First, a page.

• The new housing finance system should apply a reasonable conforming loan limit that adequately takes into consideration local real estate costs in higher cost areas.
Credit unions must also remain vigilant as tax reform discussions resume this month.

CUNA is watching out for the release of more tax reform discussion drafts in the coming weeks, and continues to encourage credit unions and their members to use CUNA and state credit union league resources, social media sites including Facebook, and micro-video site Vine, to tell their legislators, "Don't Tax My Credit Union!"

Obama Sends McWatters NCUA Nom to Senate

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WASHINGTON (1/9/14)--Mark McWatters' nomination to serve on the National Credit Union Administration board has been sent to the U.S. Senate by President Obama.

"This is a pro forma step in the process that formally puts the nomination in the hands of the Senate. Now, the Banking Committee will begin their vetting process in advance of an eventual hearing," Credit Union National Association Senior Vice President of Legislative Affairs Ryan Donovan said.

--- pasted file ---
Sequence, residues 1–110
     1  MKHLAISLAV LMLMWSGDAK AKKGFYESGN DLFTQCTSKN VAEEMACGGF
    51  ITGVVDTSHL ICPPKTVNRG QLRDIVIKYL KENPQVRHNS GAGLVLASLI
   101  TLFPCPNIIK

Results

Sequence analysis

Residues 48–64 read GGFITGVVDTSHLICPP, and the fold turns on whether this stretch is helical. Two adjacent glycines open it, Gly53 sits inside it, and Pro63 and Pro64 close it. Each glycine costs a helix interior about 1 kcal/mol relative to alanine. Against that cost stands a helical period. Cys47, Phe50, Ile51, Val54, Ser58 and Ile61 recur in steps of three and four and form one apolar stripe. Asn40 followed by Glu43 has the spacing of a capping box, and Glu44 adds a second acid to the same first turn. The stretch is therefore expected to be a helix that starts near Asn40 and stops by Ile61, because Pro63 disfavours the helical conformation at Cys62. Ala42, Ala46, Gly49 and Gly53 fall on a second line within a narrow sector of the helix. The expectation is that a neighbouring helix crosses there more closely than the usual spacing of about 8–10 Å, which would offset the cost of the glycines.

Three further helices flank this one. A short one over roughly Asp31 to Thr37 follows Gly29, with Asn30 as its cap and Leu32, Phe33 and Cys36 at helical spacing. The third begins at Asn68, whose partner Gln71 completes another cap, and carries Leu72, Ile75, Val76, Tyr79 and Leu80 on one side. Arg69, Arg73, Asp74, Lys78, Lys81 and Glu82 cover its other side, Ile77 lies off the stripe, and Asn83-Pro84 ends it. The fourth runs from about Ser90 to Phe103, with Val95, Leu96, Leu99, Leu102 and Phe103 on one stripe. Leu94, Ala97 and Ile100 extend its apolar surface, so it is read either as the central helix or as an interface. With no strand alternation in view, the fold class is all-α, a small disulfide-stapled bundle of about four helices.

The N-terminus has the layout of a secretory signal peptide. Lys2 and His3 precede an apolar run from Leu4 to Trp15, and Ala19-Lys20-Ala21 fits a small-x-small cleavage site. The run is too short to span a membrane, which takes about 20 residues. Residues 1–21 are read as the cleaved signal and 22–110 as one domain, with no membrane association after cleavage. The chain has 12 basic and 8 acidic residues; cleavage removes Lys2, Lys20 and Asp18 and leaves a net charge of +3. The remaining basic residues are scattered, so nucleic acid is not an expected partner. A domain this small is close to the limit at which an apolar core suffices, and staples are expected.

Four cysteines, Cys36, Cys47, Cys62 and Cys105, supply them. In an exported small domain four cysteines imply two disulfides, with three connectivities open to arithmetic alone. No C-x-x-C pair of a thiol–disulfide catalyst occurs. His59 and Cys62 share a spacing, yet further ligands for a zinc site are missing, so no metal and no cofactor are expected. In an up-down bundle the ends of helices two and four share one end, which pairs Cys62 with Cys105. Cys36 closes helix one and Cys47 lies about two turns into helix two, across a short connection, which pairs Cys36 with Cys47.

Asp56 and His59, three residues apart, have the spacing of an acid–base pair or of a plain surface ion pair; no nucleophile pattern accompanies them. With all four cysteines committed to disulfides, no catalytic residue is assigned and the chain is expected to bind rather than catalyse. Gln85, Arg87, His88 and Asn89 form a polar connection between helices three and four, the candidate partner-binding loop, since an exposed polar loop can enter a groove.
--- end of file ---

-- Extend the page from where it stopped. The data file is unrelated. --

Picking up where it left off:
Obama announced his intent to nominate McWatters in mid-December. McWatters' nomination is subject to a nomination hearing by the U.S. Senate Banking Committee and a confirmation vote by the Senate.

If confirmed, McWatters would replace board member Michael Fryzel, whose term ended Aug. 2 last year, but he is allowed to continue serving until another board member is confirmed.

NCUA, CFPB to Hold Joint Town Hall Webinar

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ALEXANDRIA, Va. (1/9/14)--National Credit Union Administration Chairman Debbie Matz and Consumer Financial Protection Bureau Director Richard Cordray will join forces for a Feb. 12 town hall webinar.